On December 15, 2020, New York Governor Andrew Cuomo signed a new bill that modifies the Power of Attorney (PoA) form. The law stands to simplify the New York Power of Attorney form, and strengthen penalties for third parties who unreasonably refuse to accept a PoA. These changes were long-awaited, as the current PoA is thought to be unnecessarily complicated. Here, we give you a run-down of the highlighted changes.
What is Power of Attorney?
A Power of Attorney (PoA) is someone who has been given the fiduciary duty to manage someone’s estate on their behalf. This includes managing the Principal’s business, making gifts, and handling day-to-day operations and transactions. Power of Attorney (PoA) also refers to the legal document that appoints the PoA, as a part of the Principal’s estate plan. As you might imagine, the laws surrounding PoA are often quite stringent as a means to offer protection and minimize opportunities for abuse. We dive deep into the Power of Attorney definition and PoA duties in our guide here.
6 Things to Know about the 2021 New York Power of Attorney Statute
The main complaint surrounding the New York Power of Attorney law is that it is overly complicated, and at times counter-productive. Many rejoiced when Governor Cuomo signed Assembly Bill A5630A this past December. Here are the top X highlights of the changes that are coming through the pipeline:
The new law goes into effect on June 13, 2021.
If you are currently appointed as a PoA, your existing power remains in place.
A PoA will still be valid as long as it substantially conforms to the wording of the statutory form. The previous law rendered the statutory form invalid if any of the wording was changed. The new law only requires substantial compliance, and provisions that aren’t applicable can be omitted without invalidating the document.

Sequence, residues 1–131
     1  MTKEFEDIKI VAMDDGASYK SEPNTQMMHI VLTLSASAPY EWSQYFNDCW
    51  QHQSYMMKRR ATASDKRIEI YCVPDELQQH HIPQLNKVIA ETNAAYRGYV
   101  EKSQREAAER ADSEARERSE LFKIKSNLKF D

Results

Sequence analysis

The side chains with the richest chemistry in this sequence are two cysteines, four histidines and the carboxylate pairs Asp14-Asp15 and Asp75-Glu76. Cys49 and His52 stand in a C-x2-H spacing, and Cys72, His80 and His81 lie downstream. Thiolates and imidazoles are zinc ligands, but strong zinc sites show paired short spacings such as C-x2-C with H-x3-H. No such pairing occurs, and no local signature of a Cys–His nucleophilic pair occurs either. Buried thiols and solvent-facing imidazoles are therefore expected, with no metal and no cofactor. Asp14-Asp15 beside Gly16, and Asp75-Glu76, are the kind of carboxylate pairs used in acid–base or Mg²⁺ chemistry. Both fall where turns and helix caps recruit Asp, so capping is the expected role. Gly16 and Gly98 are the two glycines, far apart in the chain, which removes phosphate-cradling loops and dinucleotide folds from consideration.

Previously, the Principal was required to create a separate Statutory Gifts Rider document if they wanted for their agent to be able to make gifts on their behalf. With the new law, the Statutory Gifts Rider has been eliminated. Instead, it will now be included as a modification in the PoA. Even if the PoA document fails to include a gifts rider in the modifications, the agent can still make gifts up to $5,000 per year. (This is a major increase from $500 in the previous law.)
A third party can now sign the PoA document on behalf of the Principal, at their direction, and in their presence. Until now, the Principal was required to sign the PoA personally, even though they could have their Will signed by a third party. This inconsistency used to cause confusion and difficulty. The new law brings relief to Principals who have full mental capacity but are physically unable to sign documents.
The new law also encourages banks and other financial institutions to accept PoAs. Judges are now allowed to assess penalties and fees to any institutions who reject a valid Power of Attorney. They will also be held responsible for any damages they caused if they unreasonably refused a PoA.
I Live in New York. Do I Need To Do Anything with my Power of Attorney?
If you live in the State of New York and have an existing Power of Attorney form, guidance states that you don’t need to take any immediate action. The new law states that if you executed your PoA lawfully at the time, it remains valid and enforceable. In other words, it won’t be invalidated when the new law goes into effect.
You can also rest assured that at Trust & Will, we keep our documents up-to-date to comply with new laws, and any resulting changes, as they are signed into effect. Regardless, it’s always smart to stay on top of any legal changes that could impact your estate plans.
If you’re interested in updating your Power of Attorney document in light of these new changes, contact one of our representatives today! We are always here to help. Is there a question here we didn’t answer? Reach out to us today or Chat with a live member support representative!